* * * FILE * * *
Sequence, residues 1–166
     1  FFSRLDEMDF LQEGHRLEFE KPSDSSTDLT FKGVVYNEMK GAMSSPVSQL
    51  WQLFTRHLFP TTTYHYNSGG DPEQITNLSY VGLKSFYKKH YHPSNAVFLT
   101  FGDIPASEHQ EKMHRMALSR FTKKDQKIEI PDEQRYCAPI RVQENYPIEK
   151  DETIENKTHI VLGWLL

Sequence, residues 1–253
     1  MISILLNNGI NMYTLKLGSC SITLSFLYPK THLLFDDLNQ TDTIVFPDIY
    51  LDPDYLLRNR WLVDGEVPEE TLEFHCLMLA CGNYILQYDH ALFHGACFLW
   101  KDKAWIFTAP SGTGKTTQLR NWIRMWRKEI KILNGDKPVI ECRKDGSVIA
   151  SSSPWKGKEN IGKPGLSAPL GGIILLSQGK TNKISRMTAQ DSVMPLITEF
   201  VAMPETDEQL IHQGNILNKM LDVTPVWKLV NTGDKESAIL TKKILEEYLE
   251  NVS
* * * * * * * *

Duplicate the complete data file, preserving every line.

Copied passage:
Sequence, residues 1–166
     1  FFSRLDEMDF LQEGHRLEFE KPSDSSTDLT FKGVVYNEMK GAMSSPVSQL
    51  WQLFTRHLFP TTTYHYNSGG DPEQITNLSY VGLKSFYKKH YHPSNAVFLT
   101  FGDIPASEHQ EKMHRMALSR FTKKDQKIEI PDEQRYCAPI RVQENYPIEK
   151  DETIENKTHI VLGWLL

Sequence, residues 1–253
     1  MISILLNNGI NMYTLKLGSC SITLSFLYPK THLLFDDLNQ TDTIVFPDIY
    51  LDPDYLLRNR WLVDGEVPEE TLEFHCLMLA CGNYILQYDH ALFHGACFLW
   101  KDKAWIFTAP SGTGKTTQLR NWIRMWRKEI KILNGDKPVI ECRKDGSVIA
   151  SSSPWKGKEN IGKPGLSAPL GGIILLSQGK TNKISRMTAQ DSVMPLITEF
   201  VAMPETDEQL IHQGNILNKM LDVTPVWKLV NTGDKESAIL TKKILEEYLE
   251  NVS